►Psychologist/Psychotherapist: Has a PhD or a PsyD in psychology and is licensed by the state in psychology or marriage and family therapy. These professionals specialize in talking with clients about their problems. Some specialize in cognitive-behavioral therapy which is usually time-limited and focused on alleviating symptoms. Other psychologists focus on long-term dynamic therapy and will help you explore previous patterns, relationships, and feelings. Psychologists also do testing and assessments where needed. For referrals in your area contact the American Psychological Association at www.apa.org or 800-964-2000.

►Psychoanalyst: Is a psychotherapist who uses dreams, free association, and an intense relationship with the client to delve into the subconscious processes that underlie all of his/her feelings and behaviors. Classical psychoanalysis requires that the patient meet with the therapist three to four times a week to build the relationship between the two.

►Marriage, Family, and Child Counselor/Marriage and Family Therapist: An MFCC or MFT has earned a Masters degree in counseling, completed a minimum number of supervised hours in practice, and has a state license. These therapists are trained to work with individuals, couples, and families and may use different types of therapy depending on what is needed by the client. Sometimes whole families are seen together or an individual is seen and works with the therapist in relation to their family problems. For referrals in your contact the American Association of Marriage Therapists at www.aamft.org or 703-838-9808.

►Licensed Clinical Social Worker: Has a Master's degree and state license in social work. Social workers have a great deal of training in working with medical issues. Hospitals and clinics often employ social workers to work with their patients. Contact the National Association of Social Workers at  www.naswdc.org.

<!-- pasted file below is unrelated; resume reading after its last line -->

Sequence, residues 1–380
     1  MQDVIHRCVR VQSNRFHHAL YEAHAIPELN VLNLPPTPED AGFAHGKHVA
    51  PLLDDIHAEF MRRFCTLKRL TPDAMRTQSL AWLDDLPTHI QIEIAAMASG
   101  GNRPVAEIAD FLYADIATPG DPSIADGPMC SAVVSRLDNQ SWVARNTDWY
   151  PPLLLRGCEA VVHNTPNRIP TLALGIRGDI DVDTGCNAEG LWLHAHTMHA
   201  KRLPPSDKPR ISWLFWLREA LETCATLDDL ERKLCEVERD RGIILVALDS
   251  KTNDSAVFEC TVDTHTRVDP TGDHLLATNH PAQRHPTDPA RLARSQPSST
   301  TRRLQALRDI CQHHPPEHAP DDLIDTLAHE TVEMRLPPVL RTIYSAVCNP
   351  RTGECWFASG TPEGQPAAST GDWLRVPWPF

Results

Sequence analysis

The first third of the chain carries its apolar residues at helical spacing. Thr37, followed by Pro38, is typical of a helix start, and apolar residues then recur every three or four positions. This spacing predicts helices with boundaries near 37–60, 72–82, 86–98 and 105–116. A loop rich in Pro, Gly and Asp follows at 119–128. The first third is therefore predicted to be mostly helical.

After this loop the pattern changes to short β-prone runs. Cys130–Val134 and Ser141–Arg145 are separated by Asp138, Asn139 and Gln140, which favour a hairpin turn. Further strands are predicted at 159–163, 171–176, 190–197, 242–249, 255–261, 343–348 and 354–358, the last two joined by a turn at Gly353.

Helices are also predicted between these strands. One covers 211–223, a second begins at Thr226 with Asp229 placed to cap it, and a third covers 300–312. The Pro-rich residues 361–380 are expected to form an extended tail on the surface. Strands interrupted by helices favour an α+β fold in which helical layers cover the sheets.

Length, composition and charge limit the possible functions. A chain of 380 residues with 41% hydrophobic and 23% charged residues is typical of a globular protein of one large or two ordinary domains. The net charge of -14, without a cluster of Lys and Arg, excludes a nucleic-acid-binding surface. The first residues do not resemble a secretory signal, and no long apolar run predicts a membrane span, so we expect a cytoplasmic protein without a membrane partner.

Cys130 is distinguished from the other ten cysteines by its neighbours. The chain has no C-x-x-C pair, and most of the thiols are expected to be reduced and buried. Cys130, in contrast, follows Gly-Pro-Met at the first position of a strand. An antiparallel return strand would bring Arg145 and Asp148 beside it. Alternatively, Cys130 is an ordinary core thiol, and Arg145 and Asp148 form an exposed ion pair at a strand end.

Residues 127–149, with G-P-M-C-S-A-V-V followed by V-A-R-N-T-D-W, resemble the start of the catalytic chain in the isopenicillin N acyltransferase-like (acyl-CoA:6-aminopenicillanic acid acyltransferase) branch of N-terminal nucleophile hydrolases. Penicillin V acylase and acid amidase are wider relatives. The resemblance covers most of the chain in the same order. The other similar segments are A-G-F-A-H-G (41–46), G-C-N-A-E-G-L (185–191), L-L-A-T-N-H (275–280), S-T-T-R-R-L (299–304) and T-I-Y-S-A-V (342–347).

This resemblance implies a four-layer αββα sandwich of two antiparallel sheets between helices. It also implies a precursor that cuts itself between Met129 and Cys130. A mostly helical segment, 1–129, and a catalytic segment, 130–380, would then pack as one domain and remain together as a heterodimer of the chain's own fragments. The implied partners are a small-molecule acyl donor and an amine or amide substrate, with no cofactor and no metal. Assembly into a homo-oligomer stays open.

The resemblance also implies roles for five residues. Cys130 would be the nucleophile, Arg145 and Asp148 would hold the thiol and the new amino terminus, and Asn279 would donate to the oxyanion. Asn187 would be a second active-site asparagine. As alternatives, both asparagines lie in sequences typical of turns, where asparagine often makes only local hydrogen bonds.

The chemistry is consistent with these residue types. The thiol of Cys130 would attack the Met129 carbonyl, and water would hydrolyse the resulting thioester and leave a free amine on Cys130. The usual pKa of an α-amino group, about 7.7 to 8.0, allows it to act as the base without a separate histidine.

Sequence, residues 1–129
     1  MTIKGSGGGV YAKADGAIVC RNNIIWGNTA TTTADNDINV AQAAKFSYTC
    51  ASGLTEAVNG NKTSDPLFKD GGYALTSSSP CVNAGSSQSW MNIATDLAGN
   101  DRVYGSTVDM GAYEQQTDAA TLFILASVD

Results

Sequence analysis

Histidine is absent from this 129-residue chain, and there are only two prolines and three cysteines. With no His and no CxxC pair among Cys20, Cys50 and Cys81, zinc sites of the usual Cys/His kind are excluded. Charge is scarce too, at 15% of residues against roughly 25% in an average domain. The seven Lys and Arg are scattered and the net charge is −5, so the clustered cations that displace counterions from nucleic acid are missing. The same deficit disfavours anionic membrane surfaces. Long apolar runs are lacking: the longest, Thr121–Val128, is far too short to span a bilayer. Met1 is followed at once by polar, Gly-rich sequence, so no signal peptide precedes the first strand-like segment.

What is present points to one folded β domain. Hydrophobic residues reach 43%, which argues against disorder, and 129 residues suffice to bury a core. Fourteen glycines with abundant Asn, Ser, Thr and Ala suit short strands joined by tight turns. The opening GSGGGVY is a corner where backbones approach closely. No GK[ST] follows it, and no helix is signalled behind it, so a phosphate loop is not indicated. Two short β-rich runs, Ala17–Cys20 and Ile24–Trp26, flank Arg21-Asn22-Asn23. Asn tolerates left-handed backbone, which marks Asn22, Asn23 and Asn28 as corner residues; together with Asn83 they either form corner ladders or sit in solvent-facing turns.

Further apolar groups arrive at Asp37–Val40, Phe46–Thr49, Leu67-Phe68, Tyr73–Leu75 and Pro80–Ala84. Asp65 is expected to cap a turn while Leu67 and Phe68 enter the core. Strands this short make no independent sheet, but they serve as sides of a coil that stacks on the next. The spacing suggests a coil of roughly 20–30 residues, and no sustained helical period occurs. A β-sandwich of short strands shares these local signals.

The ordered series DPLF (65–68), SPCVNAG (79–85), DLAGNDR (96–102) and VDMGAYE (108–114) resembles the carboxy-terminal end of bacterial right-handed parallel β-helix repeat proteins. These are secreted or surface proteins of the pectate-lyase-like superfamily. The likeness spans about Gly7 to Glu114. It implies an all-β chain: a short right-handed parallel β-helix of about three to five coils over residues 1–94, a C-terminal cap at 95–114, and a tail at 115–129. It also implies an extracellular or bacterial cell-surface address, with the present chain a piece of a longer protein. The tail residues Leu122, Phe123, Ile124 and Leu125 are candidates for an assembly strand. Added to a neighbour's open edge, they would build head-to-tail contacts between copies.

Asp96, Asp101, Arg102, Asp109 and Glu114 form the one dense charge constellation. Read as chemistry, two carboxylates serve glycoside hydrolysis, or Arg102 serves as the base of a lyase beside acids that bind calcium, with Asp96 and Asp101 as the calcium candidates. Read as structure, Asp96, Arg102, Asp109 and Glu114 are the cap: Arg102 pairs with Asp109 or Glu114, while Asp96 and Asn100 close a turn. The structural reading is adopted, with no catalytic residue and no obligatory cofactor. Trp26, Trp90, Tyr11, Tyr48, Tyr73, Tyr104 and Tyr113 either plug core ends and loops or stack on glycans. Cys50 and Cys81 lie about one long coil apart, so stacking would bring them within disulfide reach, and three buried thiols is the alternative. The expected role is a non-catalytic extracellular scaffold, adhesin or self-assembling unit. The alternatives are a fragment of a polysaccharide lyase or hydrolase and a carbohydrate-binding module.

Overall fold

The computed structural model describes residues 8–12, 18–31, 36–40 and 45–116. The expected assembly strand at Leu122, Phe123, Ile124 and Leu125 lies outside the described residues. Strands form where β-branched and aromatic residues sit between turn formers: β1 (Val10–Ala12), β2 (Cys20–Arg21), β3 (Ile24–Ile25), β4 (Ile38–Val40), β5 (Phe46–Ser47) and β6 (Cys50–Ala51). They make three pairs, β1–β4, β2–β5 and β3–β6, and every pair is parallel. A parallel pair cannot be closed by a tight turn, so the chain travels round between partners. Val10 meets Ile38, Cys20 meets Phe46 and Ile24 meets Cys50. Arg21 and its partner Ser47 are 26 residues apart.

►Pastoral Counselors: Are trained in psychology and theology and are usually certified by the American Association of Pastoral Counselors. They often do the same type of counseling that social workers or marriage and family therapists do. For referrals contact the American Association of Pastoral Counselors at www.aapc.org or 703-385-6967.

►Online Counselors: There are many highly qualified therapists that are working online. For those who might find it easier to interact with someone by phone conferencing, computer, or email, this is worth exploring. Online therapy is not the same as sitting with someone and interacting on a regular basis where that person gets to know, see, and understand you, but for short term problem-solving, it may be worthwhile. Visit www.HealthyPlace.com, www.4therapy.com, or www.psychologytoday.com for specialties, types of therapy, qualifications, and fees.

Information provided by Karen K. Ross, PhD, a clinical psychologist and family therapist in Los Angeles, and Jennifer Pader, MDiv, STM, a psychotherapist who works in New York City.